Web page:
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Hepatitis E virus and neurological disorders
  1. Brendan N Mclean1,
  2. James Gulliver2,
  3. Harry R Dalton2,3
  1. 1Neurology Department, The Royal Cornwall Hospitals NHS Trust, Truro, UK
  2. 2Gastroenterology Department, The Royal Cornwall Hospitals NHS Trust, Truro, UK
  3. 3European Centre for Environment and Human Health, University of Exeter, Truro, UK
  1. Correspondence to Dr Brendan N Mclean, Neurology Department, The Royal Cornwall Hospitals NHS Trust, Truro, TR1 3LJ, UK; brendan.mclean{at}nhs.net

Abstract

Hepatitis E is the most common cause of hepatitis worldwide. While originally considered a disease of developing countries, it is increasingly recognised in developed countries, probably related to contaminated pork meat, and where infection is often asymptomatic. However, several non-liver manifestations have become apparent, the most important of which are neurological, including Guillain-Barré syndrome (acute inflammatory demyelinating polyradiculoneuropathy (AIDP)), neuralgic amyotrophy and meningoencephalitis. We recommend testing all patients with AIDP and neuralgic amyotrophy for hepatitis E and consider testing any patient with an unexplained neurological illness and abnormal liver function tests for the virus.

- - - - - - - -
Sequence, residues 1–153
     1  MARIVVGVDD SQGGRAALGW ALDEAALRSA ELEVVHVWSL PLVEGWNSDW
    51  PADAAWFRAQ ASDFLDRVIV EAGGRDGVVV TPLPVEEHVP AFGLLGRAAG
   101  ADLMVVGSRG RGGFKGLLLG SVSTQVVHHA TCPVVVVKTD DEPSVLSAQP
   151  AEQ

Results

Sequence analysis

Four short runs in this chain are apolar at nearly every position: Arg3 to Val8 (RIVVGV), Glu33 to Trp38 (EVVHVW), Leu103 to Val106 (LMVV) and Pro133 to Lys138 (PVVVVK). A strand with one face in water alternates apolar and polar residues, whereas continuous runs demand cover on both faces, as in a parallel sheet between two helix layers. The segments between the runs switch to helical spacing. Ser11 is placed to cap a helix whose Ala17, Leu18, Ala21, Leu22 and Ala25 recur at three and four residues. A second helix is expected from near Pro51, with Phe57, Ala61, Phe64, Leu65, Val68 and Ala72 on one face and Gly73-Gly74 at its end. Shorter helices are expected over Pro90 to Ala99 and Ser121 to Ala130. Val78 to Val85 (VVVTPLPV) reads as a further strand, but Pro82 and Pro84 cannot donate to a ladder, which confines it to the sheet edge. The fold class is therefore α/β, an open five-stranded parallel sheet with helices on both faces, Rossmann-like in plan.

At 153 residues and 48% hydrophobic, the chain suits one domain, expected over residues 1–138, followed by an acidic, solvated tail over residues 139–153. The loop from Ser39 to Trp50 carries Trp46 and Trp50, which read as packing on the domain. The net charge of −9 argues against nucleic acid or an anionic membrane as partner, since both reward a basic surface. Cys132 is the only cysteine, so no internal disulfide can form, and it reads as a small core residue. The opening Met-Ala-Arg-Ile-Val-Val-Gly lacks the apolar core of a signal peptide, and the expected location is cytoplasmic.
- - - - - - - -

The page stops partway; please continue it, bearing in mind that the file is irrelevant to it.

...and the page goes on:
• Hepatitis E
  • Guillain-Barre Syndrome
  • Neuralgic Amyotropthy
  • Meningoencephalitis

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Footnotes

  • Contributors BNM wrote the first draft, HRD amended and provided the figures and tables and JG referenced and further amended the paper.

  • Competing interests HRD has received travel and accommodation costs and consultancy fees from GSK, Wantai and Roche; travel accommodation and lecture fees from Merck, Gilead, GFE Blut BmBh; travel and accommodation costs from the Gates Foundation and Medicins Sans Frontieres. BNM has received honoraria, lecture fees and conference fees from Eisai, GSK, Sanofi, Novartis and Biogen. RG has no competing interests to declare.

  • Patient consent It is a review article and not relevant.

  • Provenance and peer review Commissioned; externally peer reviewed. This paper was reviewed by Nick Davies, London, UK.

  • Data sharing statement All data used has been referenced in this paper.

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